Portuguese Communist Party and Left Block increase vote
Three years of government by the centre-right and conservative coalition government formed by the PSD (Social Democrats) and CDS/PP (Conservatives) was enough to send the Portuguese to the ballot boxes to deposit their faith in the hands of the Socialists, led by Jose Socrates.
To note, the Communist Party (PCP) which, together with the Ecological Green Party forms the Unitary Democratic Coalition (CDU) saw its vote increase for the first time since 1985 and the Left Block, a coalition of various leftist formations, saw its number of MPs increase almost threefold, from 3 to 8.
However the clear winner is the Socialist Party (PS), which gains an absolute majority for the first time in its history.
The PS received 45.05% of the vote and 120 of the 230 seats in Parliament; second was the PSD with 28.69% and 72 MPs; the CDU was third, with 7.57% and 14 MPs, an increase of two since the last election in 2002, fourth was the CDS/PP with 7.26% and 12 MPs and lastly, the Left Block with 6.38% and 8 MPs. There are 4 places to be allocated to the MPs elected by the Portuguese emigrants.
Around half a million votes went directly to the PS from the PSD, with a remaining 40,000 going to the Left Block, while this party also gained around 60,000 votes from the CDS/PP, these being voters who did not support their leader, Paulo Portas, and understood that voting for the Left Block would take the absolute majority away from the Socialists.
While it is true that the E.U. convergence criteria, which force Portugal to limit its deficit to 3% of its GDP, hampering any margin of movement, it is also true that the policies adopted by the Social Democrats and Conservatives were perceived as wholly inadequate. The unemployment doubled in three years, breaking through the 7% barrier and in Portugal, the public finances are in such a chaotic state that some families had to wait up to seven months for the first payment from the unemployment benefit. Unbelievable, but true.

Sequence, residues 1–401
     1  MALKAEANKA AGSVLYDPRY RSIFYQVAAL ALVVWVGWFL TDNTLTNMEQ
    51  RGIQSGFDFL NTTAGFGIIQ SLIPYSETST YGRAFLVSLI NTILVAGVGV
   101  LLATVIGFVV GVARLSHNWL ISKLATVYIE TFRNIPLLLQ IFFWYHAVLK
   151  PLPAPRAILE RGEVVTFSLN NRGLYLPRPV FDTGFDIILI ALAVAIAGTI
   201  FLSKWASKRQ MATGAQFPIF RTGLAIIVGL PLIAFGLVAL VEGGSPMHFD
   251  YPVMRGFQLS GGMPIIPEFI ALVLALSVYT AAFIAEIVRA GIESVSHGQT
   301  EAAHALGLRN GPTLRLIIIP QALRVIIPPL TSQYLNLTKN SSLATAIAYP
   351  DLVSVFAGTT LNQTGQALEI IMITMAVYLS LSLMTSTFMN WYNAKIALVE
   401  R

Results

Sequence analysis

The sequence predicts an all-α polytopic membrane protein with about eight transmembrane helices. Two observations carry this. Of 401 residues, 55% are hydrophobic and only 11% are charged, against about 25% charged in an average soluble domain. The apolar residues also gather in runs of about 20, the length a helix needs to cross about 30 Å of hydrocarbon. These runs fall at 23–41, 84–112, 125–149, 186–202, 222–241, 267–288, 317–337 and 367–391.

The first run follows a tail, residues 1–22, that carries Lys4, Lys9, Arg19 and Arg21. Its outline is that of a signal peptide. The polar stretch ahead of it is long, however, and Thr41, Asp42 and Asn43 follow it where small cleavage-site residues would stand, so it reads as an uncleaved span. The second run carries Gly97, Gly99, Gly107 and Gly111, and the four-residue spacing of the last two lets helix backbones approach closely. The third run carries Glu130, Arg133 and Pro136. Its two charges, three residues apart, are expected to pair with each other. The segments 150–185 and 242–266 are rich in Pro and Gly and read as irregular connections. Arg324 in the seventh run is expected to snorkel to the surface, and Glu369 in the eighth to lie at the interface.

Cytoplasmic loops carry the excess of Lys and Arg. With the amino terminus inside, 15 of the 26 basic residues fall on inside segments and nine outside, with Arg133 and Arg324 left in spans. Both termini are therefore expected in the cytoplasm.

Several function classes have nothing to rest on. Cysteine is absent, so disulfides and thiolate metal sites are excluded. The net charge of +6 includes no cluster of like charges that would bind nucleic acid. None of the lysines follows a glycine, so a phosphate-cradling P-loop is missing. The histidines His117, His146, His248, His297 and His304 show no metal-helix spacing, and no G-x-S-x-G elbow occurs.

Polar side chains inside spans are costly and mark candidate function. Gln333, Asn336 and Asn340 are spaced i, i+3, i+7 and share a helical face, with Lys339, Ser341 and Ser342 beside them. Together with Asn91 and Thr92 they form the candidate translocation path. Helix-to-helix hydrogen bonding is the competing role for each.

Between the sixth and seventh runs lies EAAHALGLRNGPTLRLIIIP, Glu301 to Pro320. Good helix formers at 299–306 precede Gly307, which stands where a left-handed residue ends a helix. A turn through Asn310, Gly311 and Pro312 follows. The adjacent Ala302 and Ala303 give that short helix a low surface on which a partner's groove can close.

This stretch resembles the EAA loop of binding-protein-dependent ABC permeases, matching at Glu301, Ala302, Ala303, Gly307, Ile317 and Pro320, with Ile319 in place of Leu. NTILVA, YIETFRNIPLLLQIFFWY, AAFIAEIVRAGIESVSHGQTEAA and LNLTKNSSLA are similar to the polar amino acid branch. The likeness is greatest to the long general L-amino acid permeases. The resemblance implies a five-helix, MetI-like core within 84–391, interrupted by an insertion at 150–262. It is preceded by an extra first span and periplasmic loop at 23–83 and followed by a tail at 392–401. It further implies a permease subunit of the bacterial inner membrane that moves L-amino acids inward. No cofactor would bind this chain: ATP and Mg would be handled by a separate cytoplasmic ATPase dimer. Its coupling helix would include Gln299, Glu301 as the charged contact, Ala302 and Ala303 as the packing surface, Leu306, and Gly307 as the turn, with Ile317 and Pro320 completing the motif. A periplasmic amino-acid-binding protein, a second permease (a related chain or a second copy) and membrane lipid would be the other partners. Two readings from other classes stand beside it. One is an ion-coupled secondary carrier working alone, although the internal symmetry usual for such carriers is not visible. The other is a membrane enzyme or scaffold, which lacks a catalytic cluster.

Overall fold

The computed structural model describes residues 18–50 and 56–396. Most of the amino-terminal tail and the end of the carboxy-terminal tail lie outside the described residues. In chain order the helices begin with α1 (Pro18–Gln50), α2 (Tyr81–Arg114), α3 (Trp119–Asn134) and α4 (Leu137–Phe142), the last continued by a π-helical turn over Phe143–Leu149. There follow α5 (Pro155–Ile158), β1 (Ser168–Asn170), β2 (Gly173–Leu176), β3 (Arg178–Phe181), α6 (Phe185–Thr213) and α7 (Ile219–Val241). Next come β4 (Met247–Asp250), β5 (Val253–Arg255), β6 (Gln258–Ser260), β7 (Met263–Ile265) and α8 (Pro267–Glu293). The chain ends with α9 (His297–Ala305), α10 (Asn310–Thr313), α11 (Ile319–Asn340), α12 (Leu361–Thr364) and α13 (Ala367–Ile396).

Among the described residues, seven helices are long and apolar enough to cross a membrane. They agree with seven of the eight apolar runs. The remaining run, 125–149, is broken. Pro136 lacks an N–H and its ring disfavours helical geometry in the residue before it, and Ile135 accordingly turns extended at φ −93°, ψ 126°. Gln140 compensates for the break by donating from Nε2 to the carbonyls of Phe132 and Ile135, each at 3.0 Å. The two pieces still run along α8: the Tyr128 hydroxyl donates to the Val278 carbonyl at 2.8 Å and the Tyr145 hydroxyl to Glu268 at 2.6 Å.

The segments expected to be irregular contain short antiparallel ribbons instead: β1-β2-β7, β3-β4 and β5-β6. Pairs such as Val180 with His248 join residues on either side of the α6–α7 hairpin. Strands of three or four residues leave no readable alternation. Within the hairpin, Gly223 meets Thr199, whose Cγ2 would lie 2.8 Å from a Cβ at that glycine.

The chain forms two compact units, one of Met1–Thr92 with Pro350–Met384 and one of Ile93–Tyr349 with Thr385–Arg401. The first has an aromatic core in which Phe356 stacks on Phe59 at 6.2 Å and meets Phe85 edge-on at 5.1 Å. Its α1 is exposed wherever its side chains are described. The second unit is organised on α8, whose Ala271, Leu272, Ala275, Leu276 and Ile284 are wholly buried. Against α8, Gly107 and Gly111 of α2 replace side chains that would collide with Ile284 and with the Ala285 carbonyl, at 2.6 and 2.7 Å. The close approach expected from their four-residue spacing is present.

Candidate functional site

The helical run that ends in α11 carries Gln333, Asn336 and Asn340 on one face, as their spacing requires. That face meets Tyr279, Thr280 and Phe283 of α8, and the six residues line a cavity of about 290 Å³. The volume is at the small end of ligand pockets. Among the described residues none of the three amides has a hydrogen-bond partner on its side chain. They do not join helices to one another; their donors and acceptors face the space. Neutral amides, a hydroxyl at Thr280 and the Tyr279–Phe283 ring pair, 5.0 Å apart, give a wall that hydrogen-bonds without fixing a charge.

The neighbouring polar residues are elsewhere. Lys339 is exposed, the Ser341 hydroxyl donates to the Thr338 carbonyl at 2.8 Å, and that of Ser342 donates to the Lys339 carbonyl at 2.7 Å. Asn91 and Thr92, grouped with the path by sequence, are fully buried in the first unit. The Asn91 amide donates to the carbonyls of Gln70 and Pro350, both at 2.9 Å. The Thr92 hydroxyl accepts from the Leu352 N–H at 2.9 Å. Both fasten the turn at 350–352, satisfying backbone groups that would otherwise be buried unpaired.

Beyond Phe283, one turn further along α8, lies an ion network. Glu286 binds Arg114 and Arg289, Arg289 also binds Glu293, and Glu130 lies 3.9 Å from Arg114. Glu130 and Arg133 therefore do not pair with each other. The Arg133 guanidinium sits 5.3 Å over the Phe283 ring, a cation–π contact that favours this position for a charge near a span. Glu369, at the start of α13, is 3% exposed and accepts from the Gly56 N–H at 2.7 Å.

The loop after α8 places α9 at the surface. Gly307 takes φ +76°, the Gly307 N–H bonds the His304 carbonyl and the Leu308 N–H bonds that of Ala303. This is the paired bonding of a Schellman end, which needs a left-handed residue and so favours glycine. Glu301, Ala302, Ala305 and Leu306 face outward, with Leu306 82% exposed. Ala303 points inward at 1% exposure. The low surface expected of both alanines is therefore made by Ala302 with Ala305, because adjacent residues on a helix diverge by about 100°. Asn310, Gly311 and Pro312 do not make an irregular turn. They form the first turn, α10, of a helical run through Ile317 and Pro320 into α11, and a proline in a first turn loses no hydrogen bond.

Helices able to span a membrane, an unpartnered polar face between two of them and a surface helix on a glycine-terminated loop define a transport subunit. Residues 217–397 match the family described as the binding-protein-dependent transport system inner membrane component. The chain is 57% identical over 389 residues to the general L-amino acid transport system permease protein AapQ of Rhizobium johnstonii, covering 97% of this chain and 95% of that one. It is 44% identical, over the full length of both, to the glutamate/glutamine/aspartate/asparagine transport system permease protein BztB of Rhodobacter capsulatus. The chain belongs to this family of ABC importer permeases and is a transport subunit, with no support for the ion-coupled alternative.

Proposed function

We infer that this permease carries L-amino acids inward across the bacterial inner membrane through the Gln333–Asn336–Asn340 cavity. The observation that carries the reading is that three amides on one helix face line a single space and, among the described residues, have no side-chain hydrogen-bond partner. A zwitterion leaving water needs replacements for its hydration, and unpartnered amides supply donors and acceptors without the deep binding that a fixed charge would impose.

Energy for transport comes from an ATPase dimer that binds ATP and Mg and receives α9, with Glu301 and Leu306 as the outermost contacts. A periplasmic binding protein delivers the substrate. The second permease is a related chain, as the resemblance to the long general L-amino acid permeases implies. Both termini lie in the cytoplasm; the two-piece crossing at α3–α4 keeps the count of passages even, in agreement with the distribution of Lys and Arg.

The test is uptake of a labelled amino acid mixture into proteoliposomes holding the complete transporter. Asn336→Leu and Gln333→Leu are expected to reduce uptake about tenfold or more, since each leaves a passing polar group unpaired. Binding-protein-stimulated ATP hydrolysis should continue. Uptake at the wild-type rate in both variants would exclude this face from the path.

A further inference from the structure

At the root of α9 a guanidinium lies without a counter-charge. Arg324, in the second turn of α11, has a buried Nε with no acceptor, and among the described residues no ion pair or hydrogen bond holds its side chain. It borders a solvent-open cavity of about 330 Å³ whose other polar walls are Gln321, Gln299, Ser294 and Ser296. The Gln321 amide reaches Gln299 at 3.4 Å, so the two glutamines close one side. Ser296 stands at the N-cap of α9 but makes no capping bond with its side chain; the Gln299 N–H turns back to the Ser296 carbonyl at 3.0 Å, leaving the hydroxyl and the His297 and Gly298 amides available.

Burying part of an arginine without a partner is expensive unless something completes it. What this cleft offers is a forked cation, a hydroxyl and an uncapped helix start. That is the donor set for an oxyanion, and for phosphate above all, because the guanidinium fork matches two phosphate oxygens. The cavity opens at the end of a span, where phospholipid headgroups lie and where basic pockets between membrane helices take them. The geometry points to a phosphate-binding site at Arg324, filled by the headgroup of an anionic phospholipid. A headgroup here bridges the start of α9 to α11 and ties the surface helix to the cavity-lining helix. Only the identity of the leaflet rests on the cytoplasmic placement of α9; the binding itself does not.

The burden was too hard for the Portuguese people to bear, at a time when the adoption of the Euro saw a sharp increase in prices, while a salary contention process has meant that practically all members of society are in real terms earning less than five years ago.
The Prime Minister, Pedro Santana Lopes, took the courageous decision to fight the election with the slogan "Against Winds and Tides" (one against everyone) leaving his party the chance to lay the blame squarely on his shoulders, choose another leader and move forward. He already assumed total responsibility for the defeat and has convoked a new Party Congress.
His partner in the government, ex-Defence Minister Paulo Portas, leader of the CDS/PP, has resigned as President of the party, yet it is not clear yet who will accept the post - if anyone, because with Paulo Portas in the shadows with his cloak on and his dagger raised, nobody's back is safe.
In fact the problem was not Santana Lopes - he inherited a chaotic situation from the former Prime Minister, Jose Barroso, who took the first opportunity to leave a post for which he was not cut out and bolt for Brussels.
The political right in Portugal once again adopted laboratory policies which appeared good on paper to generations of managers spewed forth onto the work market every year but whose grasp of the real problems of the Portuguese is close to zero - because the political class belonging to the right-wing parties has never lived a single day in the life of the average citizen.
In a country where there is a substantial section of the population receiving wages of under 400 Euros per month, and in which supermarket prices are far higher than Spain, or even the UK, and where the average salary is around 610 Euros per month (and average pensions around 350), there are families, in the European Union, who have to perform considerable economic gymnastics just to put food on the table every day - a right which in the rest of Europe is a foregone conclusion.
With an absolute majority, the responsibility lies with the Socialist Party to govern the country out of its deepest economic and social crisis in living memory. If they do not succeed, it can be concluded that neither of the two main parties is adequate for the task - and the vote in the leftist parties can only go up and up, because there is nowhere else to go.
Should this be the case, it remains to be seen whether Portugal has the conditions to be inside the Euro zone and whether it has the capacity to fulfill the convergence criteria.